Friday, 30 November 2007

November 30

Today I was sitting in the cafeteria, writing in a notebook. An old friend walked by, leaned toward me then pulled back, saying "Oops, I don't want to interupt your train of thought."

Note, I was writing, but her concern was for my thought.

So I went back to the classroom and asked my students "What's the difference?"

No answer yet.

Tuesday, 27 November 2007


This afternoon I get an update on my students' final projects for the creative writing class. I've tried to ban "my project's on the back burner" and "I won't lie to you--my project's taken a back seat to [insert name of other assignment in other class]". No back burners or back seats, I told my students, meanwhile shifting tasks from burner to burner in my own life. Heating up right now is my Joe Fafard material, which promises to both touch and not touch.

Sunday, 25 November 2007

Dream / Event

I woke up just now. In a dream, I'd been sitting beside a young man, not my son, a paratrooper, flying to his drop point. "D-Day started this way," I told him. Just before that, my daughter Lucy had become the new proprietor of a confectionary that had been run by a Korean family. And well before that--hours earlier, maybe--I experienced a scene out of Huck Finn: I was trapped on the raft that had been taken over some nasty figure. I decided I might as well ride along for a while, make my escape later.

At the Book Awards last night--this is no dream--I was happy for my friends and for the community as a whole. But what silliness: toast to the queen, some guy singing "Impossible Dream" onstage, endless unnecessary intros, thank yous and self-congratulations. It's fun to get together, celebrate some books, celebrate some money getting into writers' pockets, but the rest is getting tougher to sit through every year. Grain bought my ticket; I'd never buy one on my own.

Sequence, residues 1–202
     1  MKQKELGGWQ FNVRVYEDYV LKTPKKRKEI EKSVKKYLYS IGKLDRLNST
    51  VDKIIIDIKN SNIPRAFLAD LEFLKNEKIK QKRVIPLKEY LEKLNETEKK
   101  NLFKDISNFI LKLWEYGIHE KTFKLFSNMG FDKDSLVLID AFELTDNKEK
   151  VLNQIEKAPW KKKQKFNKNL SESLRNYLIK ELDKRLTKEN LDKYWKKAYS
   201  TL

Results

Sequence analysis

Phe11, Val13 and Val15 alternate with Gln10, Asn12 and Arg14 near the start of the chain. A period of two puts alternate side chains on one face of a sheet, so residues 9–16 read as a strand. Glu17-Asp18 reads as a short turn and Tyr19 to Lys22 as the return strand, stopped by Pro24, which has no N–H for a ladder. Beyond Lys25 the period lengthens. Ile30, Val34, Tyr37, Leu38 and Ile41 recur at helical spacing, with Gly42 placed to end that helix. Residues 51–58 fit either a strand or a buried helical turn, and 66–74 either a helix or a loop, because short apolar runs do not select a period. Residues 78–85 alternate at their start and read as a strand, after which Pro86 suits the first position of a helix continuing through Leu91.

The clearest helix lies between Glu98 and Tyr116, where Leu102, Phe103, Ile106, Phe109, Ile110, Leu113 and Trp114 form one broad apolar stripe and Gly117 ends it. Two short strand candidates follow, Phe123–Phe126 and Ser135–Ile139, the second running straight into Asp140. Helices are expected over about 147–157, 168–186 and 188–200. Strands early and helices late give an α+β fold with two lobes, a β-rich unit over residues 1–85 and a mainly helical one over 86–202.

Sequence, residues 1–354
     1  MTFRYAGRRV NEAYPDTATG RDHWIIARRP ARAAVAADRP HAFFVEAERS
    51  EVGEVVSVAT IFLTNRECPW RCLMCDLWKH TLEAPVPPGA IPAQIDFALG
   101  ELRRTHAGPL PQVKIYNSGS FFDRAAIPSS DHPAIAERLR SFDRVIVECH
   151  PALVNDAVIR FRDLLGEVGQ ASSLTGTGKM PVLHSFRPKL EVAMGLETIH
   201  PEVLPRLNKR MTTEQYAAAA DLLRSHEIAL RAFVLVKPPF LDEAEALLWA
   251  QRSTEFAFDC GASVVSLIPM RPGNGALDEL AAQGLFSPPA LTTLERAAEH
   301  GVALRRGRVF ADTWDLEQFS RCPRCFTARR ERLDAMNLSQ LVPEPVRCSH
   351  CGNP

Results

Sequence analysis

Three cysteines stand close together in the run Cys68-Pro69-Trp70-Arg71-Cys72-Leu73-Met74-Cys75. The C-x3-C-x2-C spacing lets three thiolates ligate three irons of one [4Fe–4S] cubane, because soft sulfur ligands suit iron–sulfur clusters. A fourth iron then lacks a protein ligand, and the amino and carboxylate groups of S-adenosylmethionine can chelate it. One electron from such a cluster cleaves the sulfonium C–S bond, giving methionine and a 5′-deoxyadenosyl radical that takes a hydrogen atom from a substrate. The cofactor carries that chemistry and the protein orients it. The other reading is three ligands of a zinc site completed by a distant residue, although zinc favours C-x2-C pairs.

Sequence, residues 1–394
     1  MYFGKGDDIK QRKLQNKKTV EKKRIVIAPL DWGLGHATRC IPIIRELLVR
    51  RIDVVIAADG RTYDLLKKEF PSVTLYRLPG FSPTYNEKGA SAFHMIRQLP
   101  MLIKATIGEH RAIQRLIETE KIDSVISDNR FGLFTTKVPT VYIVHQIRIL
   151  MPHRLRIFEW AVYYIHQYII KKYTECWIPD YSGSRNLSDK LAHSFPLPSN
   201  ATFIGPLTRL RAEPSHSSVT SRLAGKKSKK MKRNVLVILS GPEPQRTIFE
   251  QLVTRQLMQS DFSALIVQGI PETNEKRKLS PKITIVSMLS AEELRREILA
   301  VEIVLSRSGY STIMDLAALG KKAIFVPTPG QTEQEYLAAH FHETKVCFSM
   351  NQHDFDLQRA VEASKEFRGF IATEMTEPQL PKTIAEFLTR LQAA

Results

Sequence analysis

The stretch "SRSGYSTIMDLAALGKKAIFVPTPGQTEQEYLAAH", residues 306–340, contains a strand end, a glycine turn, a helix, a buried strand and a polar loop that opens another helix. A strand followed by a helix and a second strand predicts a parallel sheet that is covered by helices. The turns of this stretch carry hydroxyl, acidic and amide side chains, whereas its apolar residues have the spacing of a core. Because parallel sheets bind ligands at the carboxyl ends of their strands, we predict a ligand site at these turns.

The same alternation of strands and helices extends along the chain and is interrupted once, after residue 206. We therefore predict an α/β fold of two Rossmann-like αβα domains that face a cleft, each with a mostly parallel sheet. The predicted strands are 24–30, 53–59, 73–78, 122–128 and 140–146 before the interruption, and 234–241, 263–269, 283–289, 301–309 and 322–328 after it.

There was also a torture scene in the dream (that rambling, serial fragment of a dream): a bunch of us are in a ballroom, the floor of which is slowly pressing toward the ceiling, us with no means of escape. The only question is, whom do we want to die beside. Somehow, later there is one possible escape: a door that opens onto an alley on which a company of Nazis have pointed their machine guns.

Friday, 23 November 2007


I had fun this morning in my first-year class re-reading the first poems we'd read in September, a season ago. At certain points in the poem I stopped, waited for someone to fill in the next word: "slipshod" or "love" (in Ralph Gustafson's "The Sun in the Garden") and "canary" and "shawl" (in Dorothy Livesay's "Green Rain"). Jason K. was all over the pauses, filling in the correct word. Earned himself a piece of chalk.

Wednesday, Jason had trouble, who wouldn't, with this lead sentence from a Globe & Mail article written by Marina Strauss and Paul Waldie: "The federal Competition Bureau is examining the entire industry of eco-friendly materials and how they are touted in the wake of a controversy at Lululemon Athletica Inc. that pounded its stock yeaterday after the yoga-wear retailer was forced to drop its seaweed-related health-benefit claims from a line of its clothing."